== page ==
8. Tired or Poorly: A young child simply cannot cope with eating when they are tired. If they are unwell then their body instinctively knows that energy is needed elsewhere in the body and would prefer not to be digesting food at this time.

9. Pressure: The more you try to encourage and pressurise a child to eat the harder it becomes for them, to the point in some cases where they completely refuse all meals. Respect that a child knows when they are full!

10. More pressure: There is nothing worse than being pressured to eat something you dislike. It turns you off food completely. Appreciate that we are all individuals & although you know that avocado would be a great healthy food, if your child doesn’t like it, they will not eat it!

11. Snacking: If you constantly offer food and drinks without any routine, then your child will be full before they even get to the main meal. Remember a child’s tummy is only small. Keep portions to an age appropriate size & set a schedule.

So, if you’ve considered all of the above and addressed these and your child is still not eating what you expect then you are going to need to understand why. If you know why, then you can do something about it!

You need to understand the psychology of eating!

After realising that I needed the psychology aspect in order to really help parents, I teamed up with Jo Cormack, a leading expert in picky eating (and a psychologist!!).

Jo wrote the books War and Peas and Helping Children Develop a Positive Relationship with Food A Practical Guide for Early Years Professionals. She even has a PhD in the subject!

She really knows her stuff. When she put together her online programme, I was invited to review it. I was absolutely bowled over by it, so much so that I now ask all fussy eaters to go through this programme before I do anything nutritionally with them.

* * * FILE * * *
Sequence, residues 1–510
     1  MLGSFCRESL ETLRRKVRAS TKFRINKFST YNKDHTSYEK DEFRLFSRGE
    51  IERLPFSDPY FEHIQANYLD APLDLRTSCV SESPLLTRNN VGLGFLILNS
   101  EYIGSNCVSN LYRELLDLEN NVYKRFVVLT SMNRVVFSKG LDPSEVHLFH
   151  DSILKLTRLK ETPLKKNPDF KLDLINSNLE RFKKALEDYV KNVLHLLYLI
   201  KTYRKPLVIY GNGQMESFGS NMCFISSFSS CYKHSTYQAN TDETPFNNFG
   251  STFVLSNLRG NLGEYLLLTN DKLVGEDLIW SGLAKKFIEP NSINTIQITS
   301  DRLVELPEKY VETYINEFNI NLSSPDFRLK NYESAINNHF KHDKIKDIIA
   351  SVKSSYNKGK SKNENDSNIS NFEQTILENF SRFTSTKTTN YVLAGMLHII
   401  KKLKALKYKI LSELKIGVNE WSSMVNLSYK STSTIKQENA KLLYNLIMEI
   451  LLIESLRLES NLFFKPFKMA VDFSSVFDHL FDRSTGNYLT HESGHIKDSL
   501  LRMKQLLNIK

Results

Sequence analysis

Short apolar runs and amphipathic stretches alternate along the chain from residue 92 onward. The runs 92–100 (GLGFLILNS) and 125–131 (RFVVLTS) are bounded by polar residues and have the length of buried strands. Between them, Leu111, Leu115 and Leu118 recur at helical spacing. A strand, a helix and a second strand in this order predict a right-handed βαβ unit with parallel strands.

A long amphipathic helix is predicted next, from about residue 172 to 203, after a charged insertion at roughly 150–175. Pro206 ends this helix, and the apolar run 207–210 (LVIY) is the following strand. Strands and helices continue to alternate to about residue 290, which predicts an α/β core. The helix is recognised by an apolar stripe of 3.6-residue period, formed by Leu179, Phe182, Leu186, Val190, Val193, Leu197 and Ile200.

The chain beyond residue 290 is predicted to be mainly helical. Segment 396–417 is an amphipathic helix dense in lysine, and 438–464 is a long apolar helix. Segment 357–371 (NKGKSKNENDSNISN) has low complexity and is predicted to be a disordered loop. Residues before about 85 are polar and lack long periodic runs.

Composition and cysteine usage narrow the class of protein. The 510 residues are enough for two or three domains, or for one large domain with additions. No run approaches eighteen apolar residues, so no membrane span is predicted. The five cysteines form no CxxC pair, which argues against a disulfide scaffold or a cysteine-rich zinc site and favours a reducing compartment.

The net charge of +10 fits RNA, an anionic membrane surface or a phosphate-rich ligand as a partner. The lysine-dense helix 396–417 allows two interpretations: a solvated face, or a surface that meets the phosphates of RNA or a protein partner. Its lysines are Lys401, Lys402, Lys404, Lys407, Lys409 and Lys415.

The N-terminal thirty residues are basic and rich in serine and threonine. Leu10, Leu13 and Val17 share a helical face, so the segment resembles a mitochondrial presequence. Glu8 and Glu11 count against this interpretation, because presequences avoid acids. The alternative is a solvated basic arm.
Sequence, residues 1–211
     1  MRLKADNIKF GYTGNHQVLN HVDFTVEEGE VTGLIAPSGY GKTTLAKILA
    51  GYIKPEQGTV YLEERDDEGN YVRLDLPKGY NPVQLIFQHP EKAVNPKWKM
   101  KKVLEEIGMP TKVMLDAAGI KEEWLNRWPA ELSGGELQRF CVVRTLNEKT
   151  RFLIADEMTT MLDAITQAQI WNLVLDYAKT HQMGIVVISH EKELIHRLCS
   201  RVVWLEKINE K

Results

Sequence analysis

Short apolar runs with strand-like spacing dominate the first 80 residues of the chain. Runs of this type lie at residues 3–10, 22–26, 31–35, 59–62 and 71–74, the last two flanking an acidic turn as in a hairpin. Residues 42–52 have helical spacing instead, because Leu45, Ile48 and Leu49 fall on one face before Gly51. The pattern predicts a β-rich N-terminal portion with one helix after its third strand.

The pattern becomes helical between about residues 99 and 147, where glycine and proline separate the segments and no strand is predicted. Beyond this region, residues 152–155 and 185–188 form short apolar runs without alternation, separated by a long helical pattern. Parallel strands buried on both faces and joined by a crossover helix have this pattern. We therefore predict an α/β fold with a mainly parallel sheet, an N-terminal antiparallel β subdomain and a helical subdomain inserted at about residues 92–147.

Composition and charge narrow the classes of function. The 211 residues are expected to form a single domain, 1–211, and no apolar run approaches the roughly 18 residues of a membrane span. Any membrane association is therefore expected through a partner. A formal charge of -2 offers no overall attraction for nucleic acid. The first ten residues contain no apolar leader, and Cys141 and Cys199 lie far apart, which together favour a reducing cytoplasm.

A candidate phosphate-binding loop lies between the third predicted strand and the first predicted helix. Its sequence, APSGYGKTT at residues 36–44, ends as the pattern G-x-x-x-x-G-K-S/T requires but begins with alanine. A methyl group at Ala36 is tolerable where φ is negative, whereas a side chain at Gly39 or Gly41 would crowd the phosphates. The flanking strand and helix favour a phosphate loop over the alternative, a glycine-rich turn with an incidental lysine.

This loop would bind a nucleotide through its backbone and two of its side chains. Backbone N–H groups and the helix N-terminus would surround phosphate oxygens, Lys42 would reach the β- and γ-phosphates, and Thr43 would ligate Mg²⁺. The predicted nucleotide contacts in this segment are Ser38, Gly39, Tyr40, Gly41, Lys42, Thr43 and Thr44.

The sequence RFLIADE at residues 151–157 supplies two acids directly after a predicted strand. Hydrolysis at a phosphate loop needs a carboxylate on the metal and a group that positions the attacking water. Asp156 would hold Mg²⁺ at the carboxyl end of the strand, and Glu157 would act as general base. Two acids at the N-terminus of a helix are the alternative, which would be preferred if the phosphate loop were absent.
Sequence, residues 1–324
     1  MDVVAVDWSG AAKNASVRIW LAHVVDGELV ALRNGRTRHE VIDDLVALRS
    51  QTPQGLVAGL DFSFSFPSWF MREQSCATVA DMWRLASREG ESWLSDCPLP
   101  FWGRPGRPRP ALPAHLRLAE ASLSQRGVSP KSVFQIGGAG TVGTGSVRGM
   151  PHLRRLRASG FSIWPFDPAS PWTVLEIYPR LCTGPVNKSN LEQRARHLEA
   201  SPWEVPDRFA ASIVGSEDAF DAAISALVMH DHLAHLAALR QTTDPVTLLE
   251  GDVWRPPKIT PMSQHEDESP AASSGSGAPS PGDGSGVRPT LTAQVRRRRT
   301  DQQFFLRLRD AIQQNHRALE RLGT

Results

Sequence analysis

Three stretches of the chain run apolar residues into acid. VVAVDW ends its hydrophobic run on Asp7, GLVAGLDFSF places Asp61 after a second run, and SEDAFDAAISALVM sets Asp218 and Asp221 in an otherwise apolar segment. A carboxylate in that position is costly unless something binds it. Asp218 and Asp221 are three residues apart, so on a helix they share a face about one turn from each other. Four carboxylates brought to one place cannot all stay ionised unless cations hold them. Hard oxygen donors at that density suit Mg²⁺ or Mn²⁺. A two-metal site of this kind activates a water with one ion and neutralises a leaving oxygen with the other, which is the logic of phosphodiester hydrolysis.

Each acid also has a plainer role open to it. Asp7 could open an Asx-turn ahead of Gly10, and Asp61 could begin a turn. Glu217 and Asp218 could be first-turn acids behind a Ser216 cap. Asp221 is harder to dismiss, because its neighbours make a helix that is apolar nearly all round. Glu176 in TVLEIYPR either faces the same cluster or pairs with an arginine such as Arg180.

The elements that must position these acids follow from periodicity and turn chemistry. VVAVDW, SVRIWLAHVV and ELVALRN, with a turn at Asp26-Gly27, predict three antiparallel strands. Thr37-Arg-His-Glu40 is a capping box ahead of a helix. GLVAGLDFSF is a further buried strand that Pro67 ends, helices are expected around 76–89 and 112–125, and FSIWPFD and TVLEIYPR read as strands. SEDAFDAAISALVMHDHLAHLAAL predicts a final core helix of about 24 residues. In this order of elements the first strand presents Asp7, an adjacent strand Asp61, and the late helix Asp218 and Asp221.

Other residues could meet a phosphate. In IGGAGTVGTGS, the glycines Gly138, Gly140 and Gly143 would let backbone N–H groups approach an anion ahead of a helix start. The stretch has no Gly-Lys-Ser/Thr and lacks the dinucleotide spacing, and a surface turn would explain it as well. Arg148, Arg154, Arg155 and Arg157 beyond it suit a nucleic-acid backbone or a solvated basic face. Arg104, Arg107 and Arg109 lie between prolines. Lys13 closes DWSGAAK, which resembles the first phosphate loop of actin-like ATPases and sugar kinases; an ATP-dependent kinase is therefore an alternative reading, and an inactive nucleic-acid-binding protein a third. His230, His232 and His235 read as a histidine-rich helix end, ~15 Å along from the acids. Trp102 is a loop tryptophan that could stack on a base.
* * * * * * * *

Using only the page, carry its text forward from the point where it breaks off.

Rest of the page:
In her own words, Jo wrote this about her course:

“I enable parents to understand their child’s responses to food as a coping mechanism, and I teach them how to help their child learn to eat a more varied diet. I have spent a year distilling my professional knowledge and experience into a comprehensive online program so that more parents can enjoy the relaxed and positive family mealtimes that they long for. Maybe you have tried following the kind of picky eating tips other parents share or that you’ve read online: you’ve tried using reward charts and incentives, you’ve tried distracting your child or telling them that they need to eat in order to be healthy. You might even have been advised to let them get so hungry that they are forced to eat. You may have looked for help in many places but not found anything that has worked. Like lots of parents in your position, you might be feeling desperate and that you have simply run out of ideas. “

I can honestly say with 100% confidence that this is the answer to solving fussy eating.

If you decide to go ahead with the course, I follow this up (all as part of the price) with nutritional help. You then have the best of both words.

Fussy eating sorted for good! Now imagine what that’s like!

You can look at the course HERE and if you have any questions please send me a PM to julie@julieclarknutrition.co.uk

I would love to see the stress dissolve for you and your child. I would love you to be able to go out for lunch, go to a friends house for a meal, pick any restaurant, see your child eat a balanced healthy meal and above all know that you did everything you could to make it better.